Physical Signs and Symptoms of High Stress

Stress is a big part of life. From dealing with family, work, health and other demands pulling us in various directions, it’s sometimes hard to stay afloat. But not all stress is bad stress. Some stressors motivate us and help us take care of ourselves during dangerous situations.  
The good news is that our bodies are naturally designed to deal with stress –– it’s like we have an internal coping mechanism that shows up right on time. Think of it as a little alarm, signaling our inner superhero to come and save the day. But what happens when we constantly feel stressed and are unable to focus or rest?  

The biology of stress and how it impacts our bodies  

Biologically, when we experience danger, the area in our brain known as the hypothalamus (located at the base of the brain) notifies our body, just like an alarm would –– cue the bat signal.  
Our nerves and hormones activate our adrenal glands, sending out a rush of hormones like adrenaline and cortisol that result in the release of glucocorticoids which can raise blood glucose levels.  
This fight or flight response helps us activate our muscles and heart so we can either fight to defend ourselves or run away to safety. It’s literally like putting on a superhero cape but it all happens internally.  
Adrenaline increases our heart rate, elevates blood pressure and gives us a supercharged energy boost. While cortisol, which serves as our main stress hormone, deposits glucose into the blood stream, suppresses digestion and other nonessential body functions.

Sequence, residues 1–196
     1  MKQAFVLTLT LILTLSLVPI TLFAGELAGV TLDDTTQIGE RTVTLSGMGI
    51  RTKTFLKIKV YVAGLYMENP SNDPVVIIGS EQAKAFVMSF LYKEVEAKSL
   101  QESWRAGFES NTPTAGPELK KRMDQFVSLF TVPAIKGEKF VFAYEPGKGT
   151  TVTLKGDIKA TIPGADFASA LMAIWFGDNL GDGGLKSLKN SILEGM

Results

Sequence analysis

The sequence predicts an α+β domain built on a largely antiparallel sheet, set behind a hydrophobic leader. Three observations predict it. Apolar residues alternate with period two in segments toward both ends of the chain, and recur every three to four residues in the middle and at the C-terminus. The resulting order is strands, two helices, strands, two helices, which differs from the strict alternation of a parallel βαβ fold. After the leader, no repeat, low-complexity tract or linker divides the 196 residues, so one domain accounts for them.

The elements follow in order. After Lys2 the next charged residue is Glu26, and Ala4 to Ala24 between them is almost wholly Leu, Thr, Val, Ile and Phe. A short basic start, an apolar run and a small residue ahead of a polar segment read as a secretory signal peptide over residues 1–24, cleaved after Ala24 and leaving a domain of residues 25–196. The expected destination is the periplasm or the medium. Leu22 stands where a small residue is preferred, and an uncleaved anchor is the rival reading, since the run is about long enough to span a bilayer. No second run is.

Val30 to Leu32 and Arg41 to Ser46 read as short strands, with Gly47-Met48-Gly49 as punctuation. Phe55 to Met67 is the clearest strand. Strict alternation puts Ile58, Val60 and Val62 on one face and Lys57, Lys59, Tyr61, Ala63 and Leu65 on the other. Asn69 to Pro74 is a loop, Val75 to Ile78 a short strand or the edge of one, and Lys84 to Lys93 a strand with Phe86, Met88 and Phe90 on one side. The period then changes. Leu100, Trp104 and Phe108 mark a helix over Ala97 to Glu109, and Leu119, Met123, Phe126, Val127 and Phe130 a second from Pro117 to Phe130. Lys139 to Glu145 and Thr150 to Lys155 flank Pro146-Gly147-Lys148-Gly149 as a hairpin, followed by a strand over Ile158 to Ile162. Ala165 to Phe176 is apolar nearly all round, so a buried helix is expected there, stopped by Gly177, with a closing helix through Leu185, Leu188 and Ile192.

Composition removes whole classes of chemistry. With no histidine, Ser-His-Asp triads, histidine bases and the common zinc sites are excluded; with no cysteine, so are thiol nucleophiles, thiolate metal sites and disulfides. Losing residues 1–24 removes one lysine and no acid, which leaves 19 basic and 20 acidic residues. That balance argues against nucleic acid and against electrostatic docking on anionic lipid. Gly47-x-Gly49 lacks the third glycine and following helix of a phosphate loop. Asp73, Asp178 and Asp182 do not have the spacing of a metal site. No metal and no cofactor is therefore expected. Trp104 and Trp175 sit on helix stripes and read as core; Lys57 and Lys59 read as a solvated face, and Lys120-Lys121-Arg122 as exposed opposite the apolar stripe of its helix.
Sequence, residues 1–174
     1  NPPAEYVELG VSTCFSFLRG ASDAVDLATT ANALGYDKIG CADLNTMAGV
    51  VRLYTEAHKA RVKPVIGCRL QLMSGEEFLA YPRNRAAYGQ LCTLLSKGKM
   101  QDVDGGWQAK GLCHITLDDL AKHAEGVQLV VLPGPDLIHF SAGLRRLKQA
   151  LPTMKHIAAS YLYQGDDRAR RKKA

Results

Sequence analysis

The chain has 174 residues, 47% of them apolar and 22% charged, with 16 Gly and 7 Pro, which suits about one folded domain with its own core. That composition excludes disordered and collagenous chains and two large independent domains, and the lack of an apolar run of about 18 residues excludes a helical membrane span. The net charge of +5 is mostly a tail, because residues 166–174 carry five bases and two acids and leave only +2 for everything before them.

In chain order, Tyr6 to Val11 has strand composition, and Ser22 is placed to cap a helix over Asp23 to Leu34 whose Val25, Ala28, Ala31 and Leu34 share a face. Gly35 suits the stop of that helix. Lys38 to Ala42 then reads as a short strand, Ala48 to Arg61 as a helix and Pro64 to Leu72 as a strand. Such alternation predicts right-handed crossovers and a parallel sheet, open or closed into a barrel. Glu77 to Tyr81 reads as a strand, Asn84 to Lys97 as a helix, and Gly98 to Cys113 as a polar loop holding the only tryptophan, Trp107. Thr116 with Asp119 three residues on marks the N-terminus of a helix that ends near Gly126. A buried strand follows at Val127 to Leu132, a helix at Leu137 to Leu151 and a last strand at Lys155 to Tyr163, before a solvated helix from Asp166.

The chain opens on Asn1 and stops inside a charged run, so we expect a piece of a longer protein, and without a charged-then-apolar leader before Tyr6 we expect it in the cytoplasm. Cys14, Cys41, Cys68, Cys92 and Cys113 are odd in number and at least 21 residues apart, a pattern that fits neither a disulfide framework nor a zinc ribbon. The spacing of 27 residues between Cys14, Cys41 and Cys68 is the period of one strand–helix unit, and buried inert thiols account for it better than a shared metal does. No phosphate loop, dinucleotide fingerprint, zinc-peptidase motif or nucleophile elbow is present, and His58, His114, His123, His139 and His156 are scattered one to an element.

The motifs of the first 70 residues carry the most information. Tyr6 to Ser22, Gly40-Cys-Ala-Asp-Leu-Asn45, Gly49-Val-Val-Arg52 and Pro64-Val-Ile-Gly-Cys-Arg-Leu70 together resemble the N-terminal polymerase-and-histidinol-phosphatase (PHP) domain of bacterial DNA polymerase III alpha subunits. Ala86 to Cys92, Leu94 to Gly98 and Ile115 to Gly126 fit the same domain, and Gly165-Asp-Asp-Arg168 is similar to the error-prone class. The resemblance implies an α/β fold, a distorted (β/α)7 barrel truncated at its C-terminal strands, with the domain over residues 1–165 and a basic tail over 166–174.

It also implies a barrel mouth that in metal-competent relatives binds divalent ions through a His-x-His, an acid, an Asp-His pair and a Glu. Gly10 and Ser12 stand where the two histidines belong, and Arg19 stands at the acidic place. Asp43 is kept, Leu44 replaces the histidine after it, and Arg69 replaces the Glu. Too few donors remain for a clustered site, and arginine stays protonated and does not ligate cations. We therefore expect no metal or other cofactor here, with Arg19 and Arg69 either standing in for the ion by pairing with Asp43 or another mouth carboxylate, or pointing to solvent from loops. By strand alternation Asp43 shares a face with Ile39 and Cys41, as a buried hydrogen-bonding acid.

Types of stress responses and their impact  

Natural stress response – occurs when you encounter a perceived threat. Whether it’s a garden hose you think is a snake or an actual bear attacking you, your brain doesn’t know the difference, it simply processes and responds.  
Long-term stress response – overexposure of cortisol and stress hormones disrupt the body’s processes, leading to major health risks.  
Stress, especially long-term stress, can cause adverse effects for people living with type 2 diabetes. Cortisol increases blood glucose in the bloodstream to help the body prepare for fight or flight.  
Long-term activation of cortisol and other stress hormones can lead to other health issues like: 

  • Digestive problems  
  • Muscle tension  
  • Heart disease, heart attack or stroke 
  • Sleep disorders 
  • Depression and anxiety  
  • Weight gain and digestive issues  
  • Cognitive changes (memory and concentration) 

Slight variations in our genes can determine if we have a highly reactive or underactive stress response. Similarly, life experiences — like traumatic events — can also have a major impact on how our bodies respond to stressors, often making people who have had these experiences more at risk. 

Healthy ways to manage everyday stress  

Sometimes it’s hard to cope with stress when there’s a lot on your plate or major life stressors occur — like a job change or moving. But there are a few things you can do to help, from deep breathing to taking a walk outside.  
Some simple ways to relieve stress include:

  • Taking the time out to read a good book
  • Getting outside in nature
  • Spending time with loved ones
  • Movement through exercise like yoga or dance
  • Limiting electronic devices, especially before sleep
  • Practicing mindfulness through meditation practices

 No matter what you try, it’s important to find what works for you and what helps you feel happiest. We encourage members to connect with their coach if they feel they are suffering from high stress.